Seizing control of Iraq’s abundant oil reserves, estimated to be 9% of the world total, was a key objective for US imperialism, as well as its vital geo-strategic interests in the Middle East.

Perhaps it was to stop naked imperialist ambitions of these kind becoming public knowledge that led the Cabinet Office to insist the much-delayed Chilcot inquiry report will be published without crucial evidence that would reveal what Blair and Bush discussed in the run-up to the invasion?

Backing dictators

Blair and Bush have not faced trial for their Iraqi war crimes. The International Criminal Court (ICC), like the UN, is dominated by the interests of the powerful nation states. Only former despots and warlords from the Balkans and Africa, who have conflicted with imperialism, have been brought before the ICC at the Hague.

With all other justifications for his war shredded, Blair asks: “If we hadn’t removed Saddam from power just think, for example, what would be happening if these Arab revolutions were continuing now and Saddam, who’s probably 20 times as bad as Assad in Syria, was trying to suppress an uprising in Iraq?”

There is no doubt that Saddam was a brutal tyrant, whose regime murdered many people, including communists and trade unionists. But the former prime minister has no problem with dictators, per se. ‘Tony Blair Associates’ advise the Kazakhstan despot, Nazarbayev, the butcher of striking oil workers. And Blair’s ‘liberated’ Iraq is today run by Prime Minister Nouri al-Maliki, who even the right-wing Economist accuses of “dictatorial tendencies”.

The 2003 invasion greatly increased Arabs’ sense of humiliation and injustice at the hands of imperialism. This was an important factor fuelling the 2011 revolutions against Western-backed dictators in the Middle East and North Africa, as well as widespread anger at the lack of democratic rights, mass joblessness and poverty in these societies.

The ‘Arab Spring’ does not at all justify Blair’s neo-colonial adventure but actually validates the position of the Socialist in the run-up to the Iraq war; that removing the tyrant Saddam was the task of the Iraqi working people by a united mass struggle.

The toppling of close Western allies, Ben Ali and Mosni Mubarak, who were supposedly ‘impregnable’ dictators like Saddam, in late 2010 and early 2011, showed this was also a possible course of action for the Iraqi masses.
‘Resolve the Israeli-Palestinian conflict’?

John Prescott, Labour Deputy Prime Minister in 2003, now Lord Prescott, recently admitted to the BBC that the invasion of Iraq in 2003 “cannot be justified”. He said he had backed the invasion because he believed George Bush had a plan to resolve the Israeli-Palestinian conflict.

Bush and Blair did claim the defeat of Saddam would act as an impetus for a new ‘road map’ for peace in Israel and Palestine. But as the Socialist warned in 2003, the oppression of Palestinians would continue unabated after the Iraq invasion. For its own imperialist geo-strategic interests, the US continues to support Israel, its closest ally in the region, while genuine Palestinian self-determination and statehood is further away than ever.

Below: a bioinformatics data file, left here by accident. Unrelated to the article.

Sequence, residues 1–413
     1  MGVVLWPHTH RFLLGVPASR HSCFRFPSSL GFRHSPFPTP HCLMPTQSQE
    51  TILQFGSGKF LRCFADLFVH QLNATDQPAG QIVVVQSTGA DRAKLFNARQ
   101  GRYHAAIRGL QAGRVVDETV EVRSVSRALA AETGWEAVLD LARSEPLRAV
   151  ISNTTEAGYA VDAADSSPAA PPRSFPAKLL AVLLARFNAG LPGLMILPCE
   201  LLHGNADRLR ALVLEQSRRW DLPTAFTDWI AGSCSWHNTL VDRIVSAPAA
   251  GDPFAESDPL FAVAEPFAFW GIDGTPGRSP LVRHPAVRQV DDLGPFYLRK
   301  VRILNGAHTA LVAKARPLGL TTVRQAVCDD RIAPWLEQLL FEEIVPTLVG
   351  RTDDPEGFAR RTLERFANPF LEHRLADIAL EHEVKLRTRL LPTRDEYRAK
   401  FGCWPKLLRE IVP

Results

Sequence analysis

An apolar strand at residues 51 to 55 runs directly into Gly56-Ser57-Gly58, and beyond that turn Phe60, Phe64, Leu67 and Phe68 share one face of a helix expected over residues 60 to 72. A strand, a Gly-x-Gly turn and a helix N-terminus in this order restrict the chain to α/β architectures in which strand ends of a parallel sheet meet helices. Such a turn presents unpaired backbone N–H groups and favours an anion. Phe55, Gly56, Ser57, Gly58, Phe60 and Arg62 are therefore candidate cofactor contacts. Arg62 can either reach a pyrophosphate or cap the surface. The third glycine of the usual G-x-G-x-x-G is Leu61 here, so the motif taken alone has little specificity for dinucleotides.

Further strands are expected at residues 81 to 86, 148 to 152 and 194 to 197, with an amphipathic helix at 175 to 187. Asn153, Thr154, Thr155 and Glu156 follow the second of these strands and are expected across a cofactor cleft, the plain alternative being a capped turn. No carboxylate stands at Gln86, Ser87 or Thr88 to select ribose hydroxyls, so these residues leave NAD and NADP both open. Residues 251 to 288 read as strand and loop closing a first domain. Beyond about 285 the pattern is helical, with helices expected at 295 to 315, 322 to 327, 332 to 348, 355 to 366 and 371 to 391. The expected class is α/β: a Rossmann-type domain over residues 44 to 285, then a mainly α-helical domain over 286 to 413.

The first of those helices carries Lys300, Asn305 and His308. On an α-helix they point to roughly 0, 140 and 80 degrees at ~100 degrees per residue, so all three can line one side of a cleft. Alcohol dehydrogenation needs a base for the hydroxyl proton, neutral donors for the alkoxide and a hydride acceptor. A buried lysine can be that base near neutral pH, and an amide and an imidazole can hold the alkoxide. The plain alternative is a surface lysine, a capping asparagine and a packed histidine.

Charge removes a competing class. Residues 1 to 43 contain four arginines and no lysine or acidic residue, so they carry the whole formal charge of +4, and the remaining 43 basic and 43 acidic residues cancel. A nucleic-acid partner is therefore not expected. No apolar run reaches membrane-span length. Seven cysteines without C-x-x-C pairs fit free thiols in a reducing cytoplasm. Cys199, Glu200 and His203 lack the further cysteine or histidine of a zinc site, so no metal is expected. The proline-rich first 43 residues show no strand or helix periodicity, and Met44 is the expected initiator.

In an interview with BBC’s Newsnight, Blair agreed that ‘daily life in Iraq today is not what he hoped it would be’ when he opted to invade ten years ago. Blair claimed there have been “significant improvements” but that “it is not nearly what it should be”.

This is an understatement, to say the least! The Socialist resolutely opposed imperialist intervention in 2003, and correctly predicted it would bring oppression and chaos – opening up the gates to sectarian conflagration – and that imperialism would be bogged down in a long conflict.

The occupiers’ policy of ‘de-Ba’athification’ of Saddam’s largely Sunnis-based regime, and the disbandment of the Iraqi army, resulted in sectarian purges of Sunnis. This ignited fierce Sunni-based resistance.

Brutal colonial occupation, including the systematic torture and abuse of civilians in notorious jails like Abu Ghraib, the siege of Fallujah city and the massacre of resistance fighters and many civilians at cities like Haditha and Balad, ensured growing mass opposition to the US-led occupation, which was not just confined to Sunnis. Anti-war sentiment grew in the US, Britain and internationally.

Despite their awesome military machine and war chest, the Coalition was unable to crush the resistance and resorted to divide and rule tactics. They backed Shia against Sunni, causing an orgy of bloodletting.


According to investigations by the Guardian and the BBC’s Arabic language service, in 2004 the Bush administration turned to the “Salvador option” – named after the US’s role in running right-wing death squads in El Salvador in the 1980s. Shia militias were armed and financed by the US. Hundreds of thousands of Iraqis died and millions were displaced as a result. The Sunnis were the main losers in the sectarian civil war.